1 Anne Dolamore: 'I was a woman who could talk about cricket'
I got invited up to Faber for an interview, and the prospect of Faber was fantastic. I mean they were the great literary publisher, I mean virtually every volume of poetry or plays or anything I had was published by Faber at that time. All the greats were there.
So I went up and I was interviewed by Tony Pocock, who was the sales and marketing director, and my CV, such as it was at that time, read like an issue of The Sporting Life. At school and at university I’d spent all of my time doing sport, and I loved cricket.
And I didn’t realise that then, and it’s still to a certain extent true, publishing in those days: one, an unbelievably male bastion, I mean there were women around but we’re talking ’76 now, you know were secretaries or they might have done a bit of publicity or editorial but outside of that it was male, male, male. And it was hugely dominated by a culture of loving cricket.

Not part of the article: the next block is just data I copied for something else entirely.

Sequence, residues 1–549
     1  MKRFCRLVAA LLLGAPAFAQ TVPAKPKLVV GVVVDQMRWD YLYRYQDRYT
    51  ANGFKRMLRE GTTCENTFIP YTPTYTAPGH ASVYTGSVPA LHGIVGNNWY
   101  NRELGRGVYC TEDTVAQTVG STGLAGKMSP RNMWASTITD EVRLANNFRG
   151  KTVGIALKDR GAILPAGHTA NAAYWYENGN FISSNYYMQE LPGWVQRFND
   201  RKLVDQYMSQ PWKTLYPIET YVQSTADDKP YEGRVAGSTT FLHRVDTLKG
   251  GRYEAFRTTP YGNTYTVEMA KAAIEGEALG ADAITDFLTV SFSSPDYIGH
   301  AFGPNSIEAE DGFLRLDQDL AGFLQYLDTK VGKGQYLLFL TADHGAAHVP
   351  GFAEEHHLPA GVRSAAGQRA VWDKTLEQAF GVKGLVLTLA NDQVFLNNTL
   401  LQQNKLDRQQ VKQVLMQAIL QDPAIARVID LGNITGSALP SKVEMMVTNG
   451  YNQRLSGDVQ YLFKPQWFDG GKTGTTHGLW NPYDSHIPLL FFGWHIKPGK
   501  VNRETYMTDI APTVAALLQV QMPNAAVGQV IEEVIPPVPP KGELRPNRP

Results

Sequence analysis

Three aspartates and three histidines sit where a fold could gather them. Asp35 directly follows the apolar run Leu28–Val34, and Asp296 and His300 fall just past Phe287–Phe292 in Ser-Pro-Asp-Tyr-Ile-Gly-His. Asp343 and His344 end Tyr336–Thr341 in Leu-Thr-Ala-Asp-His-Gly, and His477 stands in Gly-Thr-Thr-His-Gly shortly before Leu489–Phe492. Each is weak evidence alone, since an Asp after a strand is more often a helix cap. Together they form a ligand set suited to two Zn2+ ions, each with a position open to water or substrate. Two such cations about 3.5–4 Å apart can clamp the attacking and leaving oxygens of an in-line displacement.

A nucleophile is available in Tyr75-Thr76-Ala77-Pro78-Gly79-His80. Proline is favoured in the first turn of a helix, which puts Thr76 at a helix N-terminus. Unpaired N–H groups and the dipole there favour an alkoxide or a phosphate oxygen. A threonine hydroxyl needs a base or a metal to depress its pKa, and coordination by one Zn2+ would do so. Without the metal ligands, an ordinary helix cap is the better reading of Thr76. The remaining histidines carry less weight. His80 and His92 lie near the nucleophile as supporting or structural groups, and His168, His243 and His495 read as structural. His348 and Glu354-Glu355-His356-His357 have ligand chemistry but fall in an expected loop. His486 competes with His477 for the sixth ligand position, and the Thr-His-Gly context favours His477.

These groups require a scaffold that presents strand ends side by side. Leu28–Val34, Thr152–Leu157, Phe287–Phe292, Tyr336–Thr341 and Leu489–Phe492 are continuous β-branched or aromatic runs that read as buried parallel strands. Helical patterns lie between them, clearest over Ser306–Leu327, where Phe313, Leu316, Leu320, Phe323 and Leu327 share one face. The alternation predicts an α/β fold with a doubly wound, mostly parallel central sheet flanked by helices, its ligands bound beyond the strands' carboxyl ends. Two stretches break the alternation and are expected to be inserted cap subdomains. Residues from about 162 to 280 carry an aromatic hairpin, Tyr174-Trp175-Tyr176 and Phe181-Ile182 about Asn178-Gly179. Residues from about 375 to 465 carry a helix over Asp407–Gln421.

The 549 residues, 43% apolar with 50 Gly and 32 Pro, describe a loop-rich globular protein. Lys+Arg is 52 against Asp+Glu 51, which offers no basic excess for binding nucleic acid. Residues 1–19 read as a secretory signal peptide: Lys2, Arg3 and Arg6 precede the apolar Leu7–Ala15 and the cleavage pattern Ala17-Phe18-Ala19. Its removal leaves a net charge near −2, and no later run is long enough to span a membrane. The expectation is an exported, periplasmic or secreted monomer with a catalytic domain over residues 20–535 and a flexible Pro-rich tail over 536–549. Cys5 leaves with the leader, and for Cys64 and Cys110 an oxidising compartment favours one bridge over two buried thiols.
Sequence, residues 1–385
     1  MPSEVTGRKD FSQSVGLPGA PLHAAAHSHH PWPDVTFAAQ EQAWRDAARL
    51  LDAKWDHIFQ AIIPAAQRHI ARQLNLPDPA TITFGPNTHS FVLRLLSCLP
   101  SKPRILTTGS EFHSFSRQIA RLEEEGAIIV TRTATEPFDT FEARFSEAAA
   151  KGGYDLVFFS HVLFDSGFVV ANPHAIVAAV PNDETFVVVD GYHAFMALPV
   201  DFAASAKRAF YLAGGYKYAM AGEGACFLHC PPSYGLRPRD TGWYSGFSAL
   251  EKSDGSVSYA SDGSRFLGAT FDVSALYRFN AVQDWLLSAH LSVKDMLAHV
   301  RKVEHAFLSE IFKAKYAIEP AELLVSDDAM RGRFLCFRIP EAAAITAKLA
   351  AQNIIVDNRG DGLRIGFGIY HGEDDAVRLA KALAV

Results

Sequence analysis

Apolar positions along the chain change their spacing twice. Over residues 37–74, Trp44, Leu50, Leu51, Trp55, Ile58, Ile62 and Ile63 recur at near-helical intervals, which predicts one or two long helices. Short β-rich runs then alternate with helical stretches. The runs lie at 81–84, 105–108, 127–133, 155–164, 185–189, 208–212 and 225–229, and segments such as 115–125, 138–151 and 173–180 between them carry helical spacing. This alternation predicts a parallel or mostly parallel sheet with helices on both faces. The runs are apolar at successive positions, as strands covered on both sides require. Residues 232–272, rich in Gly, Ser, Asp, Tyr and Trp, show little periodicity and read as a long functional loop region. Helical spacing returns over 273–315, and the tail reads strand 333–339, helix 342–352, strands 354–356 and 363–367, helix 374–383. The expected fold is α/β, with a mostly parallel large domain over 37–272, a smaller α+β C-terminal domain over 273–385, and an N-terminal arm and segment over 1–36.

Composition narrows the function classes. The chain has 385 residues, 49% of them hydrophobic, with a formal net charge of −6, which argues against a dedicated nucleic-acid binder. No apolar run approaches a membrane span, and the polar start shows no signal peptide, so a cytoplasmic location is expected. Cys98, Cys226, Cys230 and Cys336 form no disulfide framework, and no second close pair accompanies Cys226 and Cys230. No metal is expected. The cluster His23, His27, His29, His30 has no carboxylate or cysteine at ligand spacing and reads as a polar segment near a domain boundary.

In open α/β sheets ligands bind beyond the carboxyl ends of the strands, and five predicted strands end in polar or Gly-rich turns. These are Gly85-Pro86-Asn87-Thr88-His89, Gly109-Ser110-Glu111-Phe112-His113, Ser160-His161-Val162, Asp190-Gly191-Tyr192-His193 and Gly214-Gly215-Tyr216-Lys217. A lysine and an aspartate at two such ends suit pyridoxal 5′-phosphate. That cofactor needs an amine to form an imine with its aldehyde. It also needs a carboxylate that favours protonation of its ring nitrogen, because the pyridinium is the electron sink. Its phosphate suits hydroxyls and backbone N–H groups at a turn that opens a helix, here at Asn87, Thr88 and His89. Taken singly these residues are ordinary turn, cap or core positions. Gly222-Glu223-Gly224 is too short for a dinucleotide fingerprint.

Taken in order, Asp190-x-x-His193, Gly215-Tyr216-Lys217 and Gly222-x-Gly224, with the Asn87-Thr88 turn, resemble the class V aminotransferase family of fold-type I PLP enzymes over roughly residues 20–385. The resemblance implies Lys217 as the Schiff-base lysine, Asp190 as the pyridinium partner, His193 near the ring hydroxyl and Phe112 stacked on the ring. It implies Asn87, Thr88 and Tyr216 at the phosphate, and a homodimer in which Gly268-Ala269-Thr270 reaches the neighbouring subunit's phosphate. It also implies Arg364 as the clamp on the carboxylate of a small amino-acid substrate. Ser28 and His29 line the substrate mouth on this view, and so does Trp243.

Now my CV said, and Tony saw this and he said, ‘Cricket! You like cricket?’ I said, ‘I love cricket.’ We spent about two hours talking about cricket. That was it. I got in because I was a woman who could talk about cricket.